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First Peoples

Aboriginal and Torres Strait Islander peoples should be aware that this resource may contain images or names of people who have since passed away.


NPY Women's Council submission to the Royal Commission into Violence, Abuse, Neglect and Exploitation of People with Disability

Aboriginal community controlled organisations National Disability Insurance Scheme (NDIS) Disability First Peoples health Neglect (People) Exploitation (People) Northern Territory

The NPY Women’s Council’s Tjungu team has presented a submission to the Royal Commission that identifies the experience of people living with a disability on the NPY lands.

Anangu (Aboriginal people from the NPY Lands) society in remote communities has its own traditional culture, lifestyle and language. Rates of disability are at least twice those of mainstream Australia, and poverty is endemic in these remote communities.

Key points:

  • Services are basic on community, with medical and allied health specialists visiting for “fly in fly out” visits or not at all. Both ongoing therapeutic support programs and day-to-day support workers are limited or not available in most communities. Prescription and provision of assistive technology is subject to long delays as are maintenance and repairs. Equipment that people with disabilities have is not always the most appropriate for the challenges of the remote environment, and buildings and public transport vehicles are often not disability accessible.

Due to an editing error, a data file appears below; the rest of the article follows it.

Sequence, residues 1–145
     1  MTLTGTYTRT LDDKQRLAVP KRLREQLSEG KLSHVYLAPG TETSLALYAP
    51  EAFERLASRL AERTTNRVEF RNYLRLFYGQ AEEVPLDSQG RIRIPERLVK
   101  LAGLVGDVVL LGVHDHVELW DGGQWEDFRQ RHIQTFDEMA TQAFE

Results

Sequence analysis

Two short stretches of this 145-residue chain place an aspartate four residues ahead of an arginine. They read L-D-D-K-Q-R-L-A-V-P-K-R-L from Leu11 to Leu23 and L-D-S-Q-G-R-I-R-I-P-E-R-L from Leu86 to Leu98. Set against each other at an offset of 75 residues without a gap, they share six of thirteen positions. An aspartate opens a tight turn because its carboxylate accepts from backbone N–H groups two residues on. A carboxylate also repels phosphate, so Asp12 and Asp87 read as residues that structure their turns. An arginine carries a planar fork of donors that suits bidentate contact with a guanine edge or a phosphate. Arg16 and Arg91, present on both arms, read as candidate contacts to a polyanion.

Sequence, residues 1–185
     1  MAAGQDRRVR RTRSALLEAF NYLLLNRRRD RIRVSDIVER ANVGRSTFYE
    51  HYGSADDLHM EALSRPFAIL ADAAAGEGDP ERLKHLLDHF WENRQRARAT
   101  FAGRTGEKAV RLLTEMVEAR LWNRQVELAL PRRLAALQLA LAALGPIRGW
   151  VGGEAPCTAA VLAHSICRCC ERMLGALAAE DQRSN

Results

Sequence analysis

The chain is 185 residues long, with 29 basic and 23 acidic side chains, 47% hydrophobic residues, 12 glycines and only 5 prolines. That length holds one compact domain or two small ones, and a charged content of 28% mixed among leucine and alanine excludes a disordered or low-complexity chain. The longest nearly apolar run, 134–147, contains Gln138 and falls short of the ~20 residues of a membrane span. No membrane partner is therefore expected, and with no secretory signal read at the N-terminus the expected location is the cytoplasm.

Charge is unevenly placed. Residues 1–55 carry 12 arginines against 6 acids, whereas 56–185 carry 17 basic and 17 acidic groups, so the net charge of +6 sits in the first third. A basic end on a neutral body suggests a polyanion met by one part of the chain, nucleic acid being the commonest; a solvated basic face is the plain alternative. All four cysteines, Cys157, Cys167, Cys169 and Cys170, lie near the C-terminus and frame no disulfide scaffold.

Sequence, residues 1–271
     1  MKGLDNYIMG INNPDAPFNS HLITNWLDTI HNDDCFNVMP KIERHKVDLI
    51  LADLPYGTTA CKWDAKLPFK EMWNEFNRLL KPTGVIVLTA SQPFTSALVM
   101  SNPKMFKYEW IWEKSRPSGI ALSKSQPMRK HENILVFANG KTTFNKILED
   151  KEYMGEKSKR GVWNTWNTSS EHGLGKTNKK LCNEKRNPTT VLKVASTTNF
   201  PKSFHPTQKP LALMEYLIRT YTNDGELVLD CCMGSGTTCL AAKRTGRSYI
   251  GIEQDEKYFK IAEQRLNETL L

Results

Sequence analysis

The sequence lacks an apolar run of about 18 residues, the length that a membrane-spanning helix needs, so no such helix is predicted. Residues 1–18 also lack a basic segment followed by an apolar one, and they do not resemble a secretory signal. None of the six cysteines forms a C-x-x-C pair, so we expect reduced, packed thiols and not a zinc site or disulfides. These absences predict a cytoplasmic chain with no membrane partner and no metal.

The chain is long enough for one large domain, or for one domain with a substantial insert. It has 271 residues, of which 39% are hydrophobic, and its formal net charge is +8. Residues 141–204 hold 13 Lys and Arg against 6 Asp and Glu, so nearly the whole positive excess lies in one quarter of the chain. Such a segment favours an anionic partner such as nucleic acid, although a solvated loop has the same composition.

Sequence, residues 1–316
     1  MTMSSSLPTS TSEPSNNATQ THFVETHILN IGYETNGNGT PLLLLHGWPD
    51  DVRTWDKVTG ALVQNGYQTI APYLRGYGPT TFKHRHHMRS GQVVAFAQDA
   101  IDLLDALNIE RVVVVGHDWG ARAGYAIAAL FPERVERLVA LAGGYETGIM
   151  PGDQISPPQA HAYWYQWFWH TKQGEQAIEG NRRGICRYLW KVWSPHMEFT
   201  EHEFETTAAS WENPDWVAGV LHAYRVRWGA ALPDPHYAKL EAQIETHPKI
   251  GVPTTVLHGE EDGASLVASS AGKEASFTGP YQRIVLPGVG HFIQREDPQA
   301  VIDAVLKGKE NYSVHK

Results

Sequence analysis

• Anangu with disability have clearly stated that they want to continue living on their traditional country with family and culture despite the lack of services in remote areas.
  • Endemic poverty in remote communities leave Anangu with a disability and their carers focused on their immediate survival needs, therapeutic services can be seen as a secondary priority. Anangu people with a disability are then vulnerable to neglect and abuse due to day to day with limited access to basic resources such as food.
  • There is a lack of understanding from entities such as NDIS about the support Anangu want and need due to cultural and language barriers.

Funding is needed for people with disability who are not eligible for an NDIS Plan. There needs to be funding available to support people with disability who are unable to meet the threshold for NDIS eligibility or those who choose not to engage with NDIS. In order to support Anangu to continue living on country and to ensure carer well-being, it is imperative that there are sources of funding available to support people with disability who don’t have an NDIS Plan but want to continue living on country with their families. The ability to access regular respite and other practical support can be critical for maintaining people in the caring role.

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